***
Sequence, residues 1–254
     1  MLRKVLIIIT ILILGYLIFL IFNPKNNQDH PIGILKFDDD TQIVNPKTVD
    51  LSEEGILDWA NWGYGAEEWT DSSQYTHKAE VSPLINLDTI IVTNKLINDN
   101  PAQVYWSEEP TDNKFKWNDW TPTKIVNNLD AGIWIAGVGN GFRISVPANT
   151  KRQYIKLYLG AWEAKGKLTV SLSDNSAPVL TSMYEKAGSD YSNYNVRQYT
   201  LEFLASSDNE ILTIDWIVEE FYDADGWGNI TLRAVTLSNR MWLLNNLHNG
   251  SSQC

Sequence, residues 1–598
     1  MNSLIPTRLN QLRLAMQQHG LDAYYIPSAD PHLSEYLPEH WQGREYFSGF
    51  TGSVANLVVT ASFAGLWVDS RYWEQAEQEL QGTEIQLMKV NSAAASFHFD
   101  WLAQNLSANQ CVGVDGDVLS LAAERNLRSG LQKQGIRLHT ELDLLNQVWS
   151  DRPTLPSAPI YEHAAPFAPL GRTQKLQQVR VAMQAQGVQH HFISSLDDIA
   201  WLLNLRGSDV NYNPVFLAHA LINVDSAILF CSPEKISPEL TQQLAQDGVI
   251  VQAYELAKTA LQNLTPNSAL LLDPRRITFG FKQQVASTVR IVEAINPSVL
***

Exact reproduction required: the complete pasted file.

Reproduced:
Sequence, residues 1–254
     1  MLRKVLIIIT ILILGYLIFL IFNPKNNQDH PIGILKFDDD TQIVNPKTVD
    51  LSEEGILDWA NWGYGAEEWT DSSQYTHKAE VSPLINLDTI IVTNKLINDN
   101  PAQVYWSEEP TDNKFKWNDW TPTKIVNNLD AGIWIAGVGN GFRISVPANT
   151  KRQYIKLYLG AWEAKGKLTV SLSDNSAPVL TSMYEKAGSD YSNYNVRQYT
   201  LEFLASSDNE ILTIDWIVEE FYDADGWGNI TLRAVTLSNR MWLLNNLHNG
   251  SSQC

Sequence, residues 1–598
     1  MNSLIPTRLN QLRLAMQQHG LDAYYIPSAD PHLSEYLPEH WQGREYFSGF
    51  TGSVANLVVT ASFAGLWVDS RYWEQAEQEL QGTEIQLMKV NSAAASFHFD
   101  WLAQNLSANQ CVGVDGDVLS LAAERNLRSG LQKQGIRLHT ELDLLNQVWS
   151  DRPTLPSAPI YEHAAPFAPL GRTQKLQQVR VAMQAQGVQH HFISSLDDIA
   201  WLLNLRGSDV NYNPVFLAHA LINVDSAILF CSPEKISPEL TQQLAQDGVI
   251  VQAYELAKTA LQNLTPNSAL LLDPRRITFG FKQQVASTVR IVEAINPSVL